Mayor Andrew Cuomo?
Thinking through his chances
In the Nation, I wrote about the sexual assault allegation against Eric Adams, and why it hasn’t gotten much attention.
Andrew Cuomo is back. He is either as back as he’s ever going to be or ramping up for a return to glory that will, he hopes, entirely rewrite his obituary. Cuomo’s allies are floating his candidacy for mayor of New York City and he’s happily playing along. He might have a podcast few listen to, but he’s offered a microphone through Fox 5 and other friendly outlets. He recently published an opinion piece in the Wall Street Journal. His comeback pitch has logic to it: the city has been mismanaged and someone (me, Andrew M. Cuomo) can do it better. He says he will not run against the shambolic Mayor Eric Adams. He seems to be banking on Adams getting indicted and then resigning, triggering a rarely seen special election for mayor. Into that void he would go, besting a packed field of candidates. A poll from Slingshot Strategies found him beating out Jumaane Williams, the public advocate, and a host of other candidates in the ranked-choice voting election.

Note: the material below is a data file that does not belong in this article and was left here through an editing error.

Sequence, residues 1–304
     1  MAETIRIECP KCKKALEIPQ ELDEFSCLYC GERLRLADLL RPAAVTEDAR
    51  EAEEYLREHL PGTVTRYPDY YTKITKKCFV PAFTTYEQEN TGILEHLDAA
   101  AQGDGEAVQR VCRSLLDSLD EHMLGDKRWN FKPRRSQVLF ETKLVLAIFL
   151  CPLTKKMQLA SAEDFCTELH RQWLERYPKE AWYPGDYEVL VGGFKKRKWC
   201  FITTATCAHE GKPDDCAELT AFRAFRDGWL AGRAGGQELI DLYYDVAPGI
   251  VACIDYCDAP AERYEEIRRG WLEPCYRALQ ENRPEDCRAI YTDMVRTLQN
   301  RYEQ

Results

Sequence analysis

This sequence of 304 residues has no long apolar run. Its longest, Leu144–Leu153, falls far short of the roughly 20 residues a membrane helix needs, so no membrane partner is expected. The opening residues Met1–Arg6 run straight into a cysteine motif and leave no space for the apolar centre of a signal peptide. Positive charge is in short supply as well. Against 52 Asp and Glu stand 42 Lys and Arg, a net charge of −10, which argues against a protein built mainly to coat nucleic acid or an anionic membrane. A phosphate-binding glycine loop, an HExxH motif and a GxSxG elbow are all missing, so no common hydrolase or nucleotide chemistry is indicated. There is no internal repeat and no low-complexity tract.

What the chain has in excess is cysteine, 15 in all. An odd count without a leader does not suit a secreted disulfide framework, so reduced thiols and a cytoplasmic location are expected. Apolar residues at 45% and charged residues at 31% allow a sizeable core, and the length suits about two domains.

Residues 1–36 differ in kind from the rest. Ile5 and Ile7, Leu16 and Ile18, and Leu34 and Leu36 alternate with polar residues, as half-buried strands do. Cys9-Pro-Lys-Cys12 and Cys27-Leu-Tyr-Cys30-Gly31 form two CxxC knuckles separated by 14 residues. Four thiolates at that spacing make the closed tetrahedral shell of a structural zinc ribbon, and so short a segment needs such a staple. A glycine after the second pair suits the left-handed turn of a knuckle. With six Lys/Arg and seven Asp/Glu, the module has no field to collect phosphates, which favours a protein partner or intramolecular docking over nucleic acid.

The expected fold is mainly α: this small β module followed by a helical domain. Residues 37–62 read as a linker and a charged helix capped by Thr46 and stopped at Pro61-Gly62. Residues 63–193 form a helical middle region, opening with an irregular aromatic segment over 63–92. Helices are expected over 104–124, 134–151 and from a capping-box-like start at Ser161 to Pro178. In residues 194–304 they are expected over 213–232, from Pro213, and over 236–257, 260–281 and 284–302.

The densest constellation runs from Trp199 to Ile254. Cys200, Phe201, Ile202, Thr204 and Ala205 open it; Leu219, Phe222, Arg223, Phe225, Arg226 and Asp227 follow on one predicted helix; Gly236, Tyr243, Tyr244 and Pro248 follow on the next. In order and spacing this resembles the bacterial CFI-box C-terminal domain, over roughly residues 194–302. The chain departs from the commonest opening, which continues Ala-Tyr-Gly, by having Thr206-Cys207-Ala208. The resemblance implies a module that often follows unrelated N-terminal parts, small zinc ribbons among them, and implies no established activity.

Is this it? Will Adams fall and will it be Cuomo to take his place? The progressive left shudders. I have my own opinions about Cuomo—I wrote a whole book about him—and I am not convinced he would make a very good mayor of New York. He does have technocratic bona fides, as someone who served as governor for nearly 11 years before resigning in disgrace, and that would be appealing to the large number of New Yorkers who just want to see the city managed well again. Adams has no new initiatives of note and budgets terribly. He is simultaneously alienating business-friendly moderates and progressives worried about deep cuts to social services. He is, according to one poll at least, the most unpopular mayor in modern times.
There are reasons to believe Cuomo can actually run for mayor and win. And there are plenty of reasons—glaring ones—to suspect Cuomo, once push comes to shove, either won’t run at all or will fail if he attempts another electoral campaign.